If the idea of ransomware only conjures up thoughts of email or malicious websites, a new wave of attacks might grab your attention—especially in light of ransomware’s role in healthcare cybersecurity.
According to Anomali, eCh0raix—a new strain of file-locking malware—reared its head in June 2019 and is standing out for one reason in particular: it’s targeting endpoints, specifically, QNAP network-attached storage (NAS) devices. The brute-force attacks on NAS devices have been a particularly attractive method for cybercriminals, because the storage devices house critical data and backups but often aren’t outfitted with proper security software.
What does all this mean? Mostly, that healthcare needs to evolve its malware prevention, and quickly.
Healthcare cybersecurity’s sordid past with ransomware
When you look at healthcare’s history with ransomware, the speed at which attacks are escalating is even more striking. Healthcare News IT reports that, before 2016, healthcare organizations weren’t a primary ransomware target. But that all changed with the Hollywood Presbyterian attack and subsequent media coverage. Now, ransomware is ranked as a “major information security threat” to the industry, as Healthcare News IT notes.
For example, in 2018, the attack on the medical billing company Wolverine Solutions Group left thousands of patients being warned that sensitive medical information had been breached, as TripWire reports. There were also the SamSam attacks that, according to Healthcare Dive, hit 67 organizations in 2018, with almost a quarter being in the healthcare vertical.
These are just two of the prolific examples that demonstrate a challenging new reality in healthcare. In 2018 alone, ransomware attacks tripled, with healthcare shouldering the brunt of the increase. The previous year’s Cylance Threat Report highlighted not only the rapid growth but also the ease of deployment of malware, especially for legacy security solutions that depend on signatures for detecting attacks and shortening their lifespan.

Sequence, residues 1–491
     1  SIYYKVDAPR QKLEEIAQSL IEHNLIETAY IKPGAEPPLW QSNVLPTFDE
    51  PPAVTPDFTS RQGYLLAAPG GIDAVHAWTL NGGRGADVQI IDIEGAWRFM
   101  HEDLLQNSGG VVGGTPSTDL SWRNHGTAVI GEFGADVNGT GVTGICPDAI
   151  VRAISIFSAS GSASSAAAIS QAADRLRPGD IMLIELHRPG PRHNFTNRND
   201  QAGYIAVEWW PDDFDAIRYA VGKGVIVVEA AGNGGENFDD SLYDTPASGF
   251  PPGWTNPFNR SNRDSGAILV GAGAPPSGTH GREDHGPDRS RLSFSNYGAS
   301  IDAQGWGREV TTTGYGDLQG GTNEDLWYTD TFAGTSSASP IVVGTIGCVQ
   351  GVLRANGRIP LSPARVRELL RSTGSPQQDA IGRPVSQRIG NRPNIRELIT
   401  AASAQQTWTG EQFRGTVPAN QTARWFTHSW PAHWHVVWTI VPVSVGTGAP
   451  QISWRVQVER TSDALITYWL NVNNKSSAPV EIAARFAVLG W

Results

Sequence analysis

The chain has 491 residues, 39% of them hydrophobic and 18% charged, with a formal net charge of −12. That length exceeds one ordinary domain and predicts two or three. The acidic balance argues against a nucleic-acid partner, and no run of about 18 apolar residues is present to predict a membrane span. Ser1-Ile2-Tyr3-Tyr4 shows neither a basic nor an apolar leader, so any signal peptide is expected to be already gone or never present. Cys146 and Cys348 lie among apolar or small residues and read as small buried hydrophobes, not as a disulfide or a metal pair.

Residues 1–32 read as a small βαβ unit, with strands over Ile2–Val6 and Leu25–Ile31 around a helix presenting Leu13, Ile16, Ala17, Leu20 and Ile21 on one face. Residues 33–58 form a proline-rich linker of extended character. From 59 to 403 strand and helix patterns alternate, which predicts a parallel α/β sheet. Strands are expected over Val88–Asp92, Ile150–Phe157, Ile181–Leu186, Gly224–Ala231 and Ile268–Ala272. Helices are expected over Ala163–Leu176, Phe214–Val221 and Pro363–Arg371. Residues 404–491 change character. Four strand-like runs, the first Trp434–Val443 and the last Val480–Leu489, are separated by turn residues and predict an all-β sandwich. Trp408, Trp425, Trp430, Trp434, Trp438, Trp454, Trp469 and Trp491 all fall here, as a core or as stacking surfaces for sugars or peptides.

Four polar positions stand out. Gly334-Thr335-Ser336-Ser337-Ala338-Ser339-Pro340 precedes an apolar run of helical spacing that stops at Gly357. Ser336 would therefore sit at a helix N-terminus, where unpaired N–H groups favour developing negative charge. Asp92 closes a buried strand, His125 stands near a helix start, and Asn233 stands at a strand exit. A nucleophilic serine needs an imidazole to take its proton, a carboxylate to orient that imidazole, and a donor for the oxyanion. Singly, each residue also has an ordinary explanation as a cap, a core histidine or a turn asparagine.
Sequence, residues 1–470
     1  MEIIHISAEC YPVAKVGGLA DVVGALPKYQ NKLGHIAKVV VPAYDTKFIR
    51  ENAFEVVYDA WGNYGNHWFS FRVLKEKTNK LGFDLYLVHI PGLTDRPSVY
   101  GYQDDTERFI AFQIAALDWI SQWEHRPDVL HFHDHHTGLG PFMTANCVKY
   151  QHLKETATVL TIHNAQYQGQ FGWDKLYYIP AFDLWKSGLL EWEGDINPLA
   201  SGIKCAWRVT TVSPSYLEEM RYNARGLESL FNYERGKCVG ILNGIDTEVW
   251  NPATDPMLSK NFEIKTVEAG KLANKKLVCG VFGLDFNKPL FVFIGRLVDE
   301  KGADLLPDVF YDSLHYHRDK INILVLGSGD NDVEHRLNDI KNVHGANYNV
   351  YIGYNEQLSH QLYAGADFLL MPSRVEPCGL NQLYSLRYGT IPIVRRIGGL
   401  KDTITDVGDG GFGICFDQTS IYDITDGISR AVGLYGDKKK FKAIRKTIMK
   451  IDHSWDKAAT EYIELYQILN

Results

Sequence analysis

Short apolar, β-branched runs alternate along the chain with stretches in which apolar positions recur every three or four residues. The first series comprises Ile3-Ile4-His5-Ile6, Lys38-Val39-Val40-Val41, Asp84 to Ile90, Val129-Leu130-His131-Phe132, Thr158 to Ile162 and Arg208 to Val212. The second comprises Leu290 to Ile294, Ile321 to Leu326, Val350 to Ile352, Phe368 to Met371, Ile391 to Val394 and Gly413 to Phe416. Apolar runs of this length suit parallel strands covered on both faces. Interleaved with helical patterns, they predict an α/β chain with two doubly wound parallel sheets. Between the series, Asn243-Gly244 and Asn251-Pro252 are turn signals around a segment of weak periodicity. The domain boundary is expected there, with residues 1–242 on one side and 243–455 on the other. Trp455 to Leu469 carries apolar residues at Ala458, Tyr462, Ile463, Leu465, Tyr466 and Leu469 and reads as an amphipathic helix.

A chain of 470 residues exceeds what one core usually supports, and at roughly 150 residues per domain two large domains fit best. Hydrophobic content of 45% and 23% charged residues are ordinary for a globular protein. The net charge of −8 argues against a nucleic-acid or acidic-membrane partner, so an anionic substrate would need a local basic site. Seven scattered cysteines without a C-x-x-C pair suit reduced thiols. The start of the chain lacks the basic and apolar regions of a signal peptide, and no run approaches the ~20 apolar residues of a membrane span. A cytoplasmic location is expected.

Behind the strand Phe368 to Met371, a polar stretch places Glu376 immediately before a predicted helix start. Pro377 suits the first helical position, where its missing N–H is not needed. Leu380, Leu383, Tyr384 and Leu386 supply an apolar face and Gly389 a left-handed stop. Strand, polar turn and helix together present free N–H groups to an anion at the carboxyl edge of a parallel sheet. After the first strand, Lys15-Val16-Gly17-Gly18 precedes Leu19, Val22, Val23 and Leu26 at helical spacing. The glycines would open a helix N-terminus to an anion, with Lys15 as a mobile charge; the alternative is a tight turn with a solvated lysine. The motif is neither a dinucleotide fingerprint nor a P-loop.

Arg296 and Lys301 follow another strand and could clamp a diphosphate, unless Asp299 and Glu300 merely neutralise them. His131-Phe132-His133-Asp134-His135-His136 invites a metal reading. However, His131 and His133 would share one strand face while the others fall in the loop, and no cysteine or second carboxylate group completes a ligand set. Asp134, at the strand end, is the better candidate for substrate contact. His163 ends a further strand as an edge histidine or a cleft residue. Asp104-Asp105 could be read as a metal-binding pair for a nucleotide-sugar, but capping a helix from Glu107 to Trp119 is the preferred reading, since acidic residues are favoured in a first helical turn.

Endpoint protection at the center of malware prevention
If you breathed a sigh of relief earlier because you don’t deal with QNAP devices, you might be relaxing a little too early. This shift in threat vectors means that healthcare cybersecurity professionals need to expand the scope of their concerns.
Healthcare CMOs and their teams should want to know everything, including the security of endpoints such as NAS devices, printers, IoT devices, and your imaging suite.
While ransomware is commonly associated with emails disguised as trustworthy files, things have changed. To adapt to next-generation ransomware, you’ll need to take a new approach—one that’s mindful of endpoint protection. Keep these four tips in mind when you build your plan to tackle this new breed of threats:
1. Accept that healthcare is vulnerable.
Ransomware is a big business, and healthcare organizations make ideal targets. Estimates from the Beazley 2018 Breach Briefing show that 45 percent of ransomware attacks are aimed at healthcare organizations. Attackers know that lives are at stake and most organizations are likely to pay the ransom just to avoid any issues, especially if the amount is relatively low. All this adds up to a situation in which prevention is the best posture.
2. Segment networks.
Compartmentalize systems and data wherever you can do so without interrupting operations. By segmenting your networks, you’ll make it more difficult for ransomware to spread between systems. This is a basic step, but it can go a long way to improve your security posture.
3. Keep up with patches.
Make sure you’re patching known vulnerabilities in your applications and operating systems as soon as they’re discovered. In light of the new focus on endpoints, pay special attention to keeping endpoint anti-malware software updated. Advanced endpoints, such as smart, secure printers, offer automatic updates and self-monitoring, which makes this job easier.
4. Don’t forget backups.
If you haven’t revisited your backup regimen, now might be the time. Keeping multiple copies of patient and critical business data in diverse locations (offsite, in the cloud, and locally) increases your ability to restore systems post-incident. As an added bonus, this step also aids in supporting a HIPAA Security Rule–compliant contingency plan.
Stay alert and keep up with the times. Endpoint security awareness is becoming ever more important in the modern cybersecurity environment, so make a habit of checking in on tech news and developments as they emerge—it may just save your skin.